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Over 200 Organizations Urge CMS to Withdraw Proposed New Medicare Part D Regulations
Over 200 Organizations Urge CMS to Withdraw Proposed New Medicare Part D Regulations

Patient, Healthcare, Employer Groups Say Proposed Rules Will “Severely Impede Beneficiaries’ Access to Affordable Health Plans and Medicines.”

WASHINGTON — More than 200 organizations representing millions of patients, seniors, employers and Americans with disabilities as well as multiple healthcare sectors are urging the Centers for Medicare and Medicaid Services (CMS) to withdraw proposed regulations that will significantly change the Medicare Part D prescription drug program in ways that will “have unintended consequences for seniors and beneficiaries with disabilities.”

In a letter to CMS Administrator Marilyn Tavenner, the organizations wrote, “We are deeply concerned that the proposed rule is inconsistent with the spirit and purpose of Medicare Part D, represents unnecessary changes to programs that are already extraordinary effective in containing costs and, most importantly, will severely impede beneficiaries’ access to affordable health plans and medicines.”

Mary R. Grealy, president of the Healthcare Leadership Council, one of the organizations signing the letter, said, “These regulations are an ill-advised solution in search of a problem.  Medicare Part D is improving the physical and financial health of beneficiaries by making prescription medications affordable.  These rules would fundamentally change a Part D program structure that is serving Medicare beneficiaries and taxpayers extremely well.”

In the letter, the groups cite four overarching issues with the proposed rules (while noting that there are other specific provisions that also raise concerns):

  • The regulations would limit the number of Part D plans that could be offered to beneficiaries.  “Millions of seniors and beneficiaries with disabilities would lose their current plan of choice or face changes in coverage,” they wrote.
  • Despite the clear intent of Congress that Medicare Part D should rely solely upon market-based pricing and private sector competition, the rules would “dramatically expand the federal government’s role in Medicare Part D despite the fact that there is no compelling reason for doing so.  Reshaping Part D in this way will neither improve quality and affordability, nor incentivize plan innovation,” the letter said.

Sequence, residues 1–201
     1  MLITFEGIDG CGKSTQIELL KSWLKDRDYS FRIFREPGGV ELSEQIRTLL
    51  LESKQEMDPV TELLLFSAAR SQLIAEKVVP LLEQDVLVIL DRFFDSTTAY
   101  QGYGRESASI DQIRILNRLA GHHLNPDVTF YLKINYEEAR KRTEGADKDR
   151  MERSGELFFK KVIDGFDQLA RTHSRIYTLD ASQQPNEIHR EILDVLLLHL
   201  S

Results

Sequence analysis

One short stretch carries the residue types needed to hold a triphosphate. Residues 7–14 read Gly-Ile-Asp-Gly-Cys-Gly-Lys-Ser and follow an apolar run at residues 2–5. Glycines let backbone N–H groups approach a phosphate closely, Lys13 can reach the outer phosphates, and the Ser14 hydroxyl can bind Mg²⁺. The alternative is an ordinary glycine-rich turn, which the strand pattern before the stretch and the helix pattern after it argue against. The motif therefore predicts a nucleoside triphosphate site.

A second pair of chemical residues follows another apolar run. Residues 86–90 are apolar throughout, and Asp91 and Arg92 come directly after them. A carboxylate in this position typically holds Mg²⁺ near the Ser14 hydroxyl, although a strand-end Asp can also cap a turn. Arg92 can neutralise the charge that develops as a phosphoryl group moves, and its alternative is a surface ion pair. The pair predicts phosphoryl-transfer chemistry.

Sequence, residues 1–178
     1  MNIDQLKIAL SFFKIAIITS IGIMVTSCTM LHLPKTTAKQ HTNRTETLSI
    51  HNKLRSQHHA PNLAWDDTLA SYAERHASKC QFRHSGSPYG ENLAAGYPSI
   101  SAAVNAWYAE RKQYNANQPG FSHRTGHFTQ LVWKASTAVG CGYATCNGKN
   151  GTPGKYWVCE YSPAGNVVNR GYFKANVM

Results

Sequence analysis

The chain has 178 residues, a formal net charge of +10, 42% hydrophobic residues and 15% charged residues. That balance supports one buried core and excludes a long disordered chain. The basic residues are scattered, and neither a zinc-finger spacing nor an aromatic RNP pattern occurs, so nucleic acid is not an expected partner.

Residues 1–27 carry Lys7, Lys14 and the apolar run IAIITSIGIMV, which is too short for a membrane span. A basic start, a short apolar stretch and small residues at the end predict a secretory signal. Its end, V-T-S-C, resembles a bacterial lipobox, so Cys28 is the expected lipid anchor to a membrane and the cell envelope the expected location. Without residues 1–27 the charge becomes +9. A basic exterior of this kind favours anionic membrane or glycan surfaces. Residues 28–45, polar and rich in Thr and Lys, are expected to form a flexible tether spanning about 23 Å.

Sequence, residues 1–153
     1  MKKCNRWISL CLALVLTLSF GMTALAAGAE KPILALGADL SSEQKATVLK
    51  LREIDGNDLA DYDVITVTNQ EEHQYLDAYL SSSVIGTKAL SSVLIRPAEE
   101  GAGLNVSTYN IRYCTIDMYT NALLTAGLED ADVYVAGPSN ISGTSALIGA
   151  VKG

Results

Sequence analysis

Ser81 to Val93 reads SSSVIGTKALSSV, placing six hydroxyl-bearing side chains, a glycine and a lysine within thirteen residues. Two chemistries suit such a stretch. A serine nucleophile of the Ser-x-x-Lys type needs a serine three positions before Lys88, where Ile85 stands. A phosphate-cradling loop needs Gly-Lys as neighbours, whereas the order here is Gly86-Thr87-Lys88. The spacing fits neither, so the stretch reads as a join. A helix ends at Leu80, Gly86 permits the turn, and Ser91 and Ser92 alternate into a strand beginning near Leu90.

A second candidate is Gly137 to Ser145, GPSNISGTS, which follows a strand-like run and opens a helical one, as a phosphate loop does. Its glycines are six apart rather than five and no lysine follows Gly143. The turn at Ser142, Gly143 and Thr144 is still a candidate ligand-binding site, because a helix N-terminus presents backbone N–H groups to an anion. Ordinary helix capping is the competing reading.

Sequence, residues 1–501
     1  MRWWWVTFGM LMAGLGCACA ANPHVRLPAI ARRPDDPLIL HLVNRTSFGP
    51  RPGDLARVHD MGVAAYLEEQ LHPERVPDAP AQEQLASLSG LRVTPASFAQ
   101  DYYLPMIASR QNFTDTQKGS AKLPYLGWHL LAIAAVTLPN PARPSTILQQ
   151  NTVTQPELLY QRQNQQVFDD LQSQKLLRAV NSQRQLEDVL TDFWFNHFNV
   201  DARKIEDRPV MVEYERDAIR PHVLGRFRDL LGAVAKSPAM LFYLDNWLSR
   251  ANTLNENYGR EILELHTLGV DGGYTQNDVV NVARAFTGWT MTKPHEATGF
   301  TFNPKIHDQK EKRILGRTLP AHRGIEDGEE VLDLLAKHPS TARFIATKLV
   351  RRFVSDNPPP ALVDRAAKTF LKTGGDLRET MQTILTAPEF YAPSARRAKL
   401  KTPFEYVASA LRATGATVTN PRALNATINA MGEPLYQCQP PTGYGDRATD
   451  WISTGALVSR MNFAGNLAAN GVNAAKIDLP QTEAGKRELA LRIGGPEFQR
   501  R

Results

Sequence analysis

• New cost burdens imposed as a result of the proposed regulations “will drive higher premiums for millions of beneficiaries and lead to higher costs for Medicare without tangible gains in service or quality for beneficiaries.”
  • The timing of the proposed rule causes great uncertainty for Part D prescription drug plan sponsors, many of which are also involved in ensuring the success of Affordable Care Act health coverage exchanges.  “With the June bid submission deadline in mind, we urge you to withdraw the proposed rule in a timely manner to minimize disruption for beneficiaries when it comes time to make plan selections in October.”

In the letter, the organizations point out that the Medicare Part D program has maintained stable, affordable average premiums for beneficiaries, enjoys a 90 percent approval rating among seniors and has program costs that are more than 40 percent below original Congressional Budget Office projections.

“Medicare Part D has succeeded beyond expectations in enhancing the health and well-being of enrollees,” they wrote.  “Weakening these programs will result in a less healthy patient population and, consequently, increased Medicare costs in the long term.”

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